Law Professors

Law prof's remarks about 'Asian elite' put her back at center of controversy

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The eastern facade of the University of Pennsylvania Carey Law School in 2006. Photo by Jeffrey M. Vinocur via Wikimedia Commons.

A controversial professor at the University of Pennsylvania Carey Law School is once again drawing condemnation, this time for remarks about “problematic” immigration by the “Asian elite.”

In a Dec. 20 podcast by Brown University economics professor Glenn Loury, Penn Law professor Amy Wax said dominance by the “Asian elite” was a danger., Original Jurisdiction, the Daily Pennsylvanian, NBC News and Above the Law have coverage or commentary; How Appealing links to the coverage.

Wax said Asians “tend to be more conformist to whatever the dominant ethos is,” and the dominant ethos today is “wokeness.”

“Does the spirit of liberty beat in their breast?” she asked. Wax also said South Asian women doctors are “at the forefront of … advocating anti-American sentiment,” and South Asians “just love to bash America.”

After the interview, Wax wrote a written response to a podcast listener whose posted message challenged her views. Wax said the United States would be “better off with fewer Asians and less Asian immigration” as long as they support Democrats and their positions.

Ted Ruger, dean of the University of Pennsylvania Carey Law School, said in a statement Wax’s views “are diametrically opposed to the policies and ethos of this institution.”

“Like all racist generalizations, Wax’s recent comments inflict harm by perpetuating stereotypes and placing differential burdens on Asian students, faculty and staff to carry the weight of this vitriol and bias,” Ruger said.

Ruger noted that Wax has tenure.

“The same academic freedom principles that permit current scholars to engage in critical and overdue analysis of this nation’s historical and structural discrimination—despite zealous efforts to censor such speech by some—also apply to faculty like Wax who voice xenophobic and white supremacist views,” he said.

Meanwhile, an online petition by Penn Law students seeks Wax’s suspension. Ruger had barred Wax from teaching mandatory classes to first-year law students in 2018 after she said she said Black law students rarely graduate in the top half of the class. Ruger said Wax’s remarks weren’t true.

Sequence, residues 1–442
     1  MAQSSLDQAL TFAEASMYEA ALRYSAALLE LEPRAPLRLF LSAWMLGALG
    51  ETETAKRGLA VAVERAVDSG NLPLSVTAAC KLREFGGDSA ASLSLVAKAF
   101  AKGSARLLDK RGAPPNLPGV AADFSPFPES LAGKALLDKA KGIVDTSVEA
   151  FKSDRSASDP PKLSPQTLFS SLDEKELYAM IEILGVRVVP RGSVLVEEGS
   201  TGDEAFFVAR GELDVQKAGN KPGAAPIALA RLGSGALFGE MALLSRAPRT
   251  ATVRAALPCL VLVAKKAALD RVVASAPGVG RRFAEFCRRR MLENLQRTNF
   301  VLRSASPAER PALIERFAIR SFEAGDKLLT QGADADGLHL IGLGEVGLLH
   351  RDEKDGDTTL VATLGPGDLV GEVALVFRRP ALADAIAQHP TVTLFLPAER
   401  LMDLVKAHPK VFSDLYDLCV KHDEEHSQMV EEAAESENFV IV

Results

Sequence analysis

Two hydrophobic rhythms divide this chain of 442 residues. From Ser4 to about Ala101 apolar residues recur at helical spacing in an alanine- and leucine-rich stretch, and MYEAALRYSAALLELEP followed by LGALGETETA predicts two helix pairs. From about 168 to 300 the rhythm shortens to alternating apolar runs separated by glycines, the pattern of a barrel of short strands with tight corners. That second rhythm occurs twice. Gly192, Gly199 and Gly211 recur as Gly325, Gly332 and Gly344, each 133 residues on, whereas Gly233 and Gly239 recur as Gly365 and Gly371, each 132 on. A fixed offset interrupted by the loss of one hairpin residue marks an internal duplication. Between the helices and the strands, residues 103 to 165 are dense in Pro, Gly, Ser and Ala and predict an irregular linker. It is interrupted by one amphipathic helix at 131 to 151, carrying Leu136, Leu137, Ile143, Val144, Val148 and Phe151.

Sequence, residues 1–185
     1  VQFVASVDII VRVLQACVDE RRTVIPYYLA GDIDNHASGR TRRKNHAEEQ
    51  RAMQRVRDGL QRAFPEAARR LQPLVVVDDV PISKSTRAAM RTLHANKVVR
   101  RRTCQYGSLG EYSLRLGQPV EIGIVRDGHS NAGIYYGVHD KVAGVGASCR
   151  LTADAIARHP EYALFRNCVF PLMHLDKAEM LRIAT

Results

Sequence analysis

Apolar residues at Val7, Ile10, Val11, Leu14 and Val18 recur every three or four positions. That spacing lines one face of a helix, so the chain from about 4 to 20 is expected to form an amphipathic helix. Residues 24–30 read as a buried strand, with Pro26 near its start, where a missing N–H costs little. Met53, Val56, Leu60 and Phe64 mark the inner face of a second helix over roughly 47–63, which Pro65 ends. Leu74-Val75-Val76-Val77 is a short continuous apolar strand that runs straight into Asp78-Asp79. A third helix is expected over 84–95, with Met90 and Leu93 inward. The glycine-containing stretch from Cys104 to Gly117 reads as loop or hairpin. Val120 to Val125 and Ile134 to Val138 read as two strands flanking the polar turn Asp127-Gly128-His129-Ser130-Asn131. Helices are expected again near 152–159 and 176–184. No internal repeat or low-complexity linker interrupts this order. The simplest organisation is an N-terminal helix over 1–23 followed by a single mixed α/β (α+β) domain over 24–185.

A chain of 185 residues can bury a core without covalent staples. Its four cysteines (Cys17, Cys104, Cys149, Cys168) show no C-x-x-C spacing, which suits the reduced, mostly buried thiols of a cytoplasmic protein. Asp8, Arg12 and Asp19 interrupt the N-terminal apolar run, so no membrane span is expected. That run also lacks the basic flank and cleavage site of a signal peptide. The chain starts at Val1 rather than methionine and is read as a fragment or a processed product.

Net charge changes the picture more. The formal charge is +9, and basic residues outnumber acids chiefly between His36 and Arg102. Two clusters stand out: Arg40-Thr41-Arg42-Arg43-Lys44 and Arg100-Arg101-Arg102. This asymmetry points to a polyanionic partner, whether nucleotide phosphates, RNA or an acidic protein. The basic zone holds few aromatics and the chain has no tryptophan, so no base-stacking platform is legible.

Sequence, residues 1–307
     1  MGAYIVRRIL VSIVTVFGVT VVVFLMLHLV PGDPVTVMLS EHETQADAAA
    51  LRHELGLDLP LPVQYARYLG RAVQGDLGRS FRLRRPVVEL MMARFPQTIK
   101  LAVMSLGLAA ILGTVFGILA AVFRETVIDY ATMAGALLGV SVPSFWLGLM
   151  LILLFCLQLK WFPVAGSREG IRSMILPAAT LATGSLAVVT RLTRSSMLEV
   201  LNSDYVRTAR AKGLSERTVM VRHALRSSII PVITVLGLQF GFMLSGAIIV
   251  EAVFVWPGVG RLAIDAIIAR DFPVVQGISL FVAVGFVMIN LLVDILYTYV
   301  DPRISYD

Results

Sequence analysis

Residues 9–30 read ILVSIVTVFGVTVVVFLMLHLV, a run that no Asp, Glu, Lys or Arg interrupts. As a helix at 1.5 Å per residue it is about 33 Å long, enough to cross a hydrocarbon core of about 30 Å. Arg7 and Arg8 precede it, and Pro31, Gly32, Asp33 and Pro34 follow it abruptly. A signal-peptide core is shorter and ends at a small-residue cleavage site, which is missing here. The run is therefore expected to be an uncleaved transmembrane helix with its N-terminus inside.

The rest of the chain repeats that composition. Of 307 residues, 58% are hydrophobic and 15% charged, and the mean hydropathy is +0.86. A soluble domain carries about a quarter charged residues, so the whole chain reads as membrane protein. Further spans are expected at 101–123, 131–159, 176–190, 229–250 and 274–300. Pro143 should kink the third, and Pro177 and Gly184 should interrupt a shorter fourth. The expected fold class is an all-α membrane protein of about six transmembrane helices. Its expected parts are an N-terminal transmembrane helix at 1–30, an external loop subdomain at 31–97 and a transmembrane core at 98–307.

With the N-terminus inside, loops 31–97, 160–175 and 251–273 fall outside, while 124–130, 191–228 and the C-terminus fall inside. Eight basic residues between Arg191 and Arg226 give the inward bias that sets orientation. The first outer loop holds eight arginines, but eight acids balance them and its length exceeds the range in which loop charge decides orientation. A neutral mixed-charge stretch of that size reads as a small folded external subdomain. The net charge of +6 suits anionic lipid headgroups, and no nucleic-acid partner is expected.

Wax has also been condemned for remarks about the dangers of cultural change caused by immigration from third-world countries and the importance of “bourgeois culture.”

At Original Jurisdiction, writer David Lat took issue with the substance of Wax’s views.

“Many Asian immigrants to the United States came here precisely because they wanted more freedom than they had in their countries of origin,” Lat wrote. “After coming here, they adopted the ‘bourgeois values’ so prized by Wax, availing themselves of this nation’s political and economic freedom to make better lives for themselves and their children. …

“It seems that Wax’s main complaint with Asian Americans is that they tend to vote Democratic. But this wasn’t always the case; for many years, Asian Americans were actually a reliably Republican voting bloc. This started to change only in the 1990s, as Asian immigrants became more assimilated into America and as their American-born children became old enough to vote. …

“In fact, if I had to guess, increasing immigration from Asia would actually tug Asian Americans rightward, by growing the segment of the Asian-American community that’s vehemently opposed to Communism, totalitarianism and anything that smacks of those things—including, yes, some aspects of woke culture.”

At Above the Law, writer Joe Patrice said it’s time for Penn Law to cut ties with Wax.

“For what feels like the millionth time, we have to reiterate that none of this is what tenure is all about,” Patrice wrote. “There’s no legal scholarship furthered by shielding her from tackling unpopular subjects; she’s just citing Wikipedia to make lazy punditry in a sad bid to get noticed by Fox News. And every time she does it, we all have to repeat ‘Penn Law school professor,’ further dragging the school’s reputation into this.”

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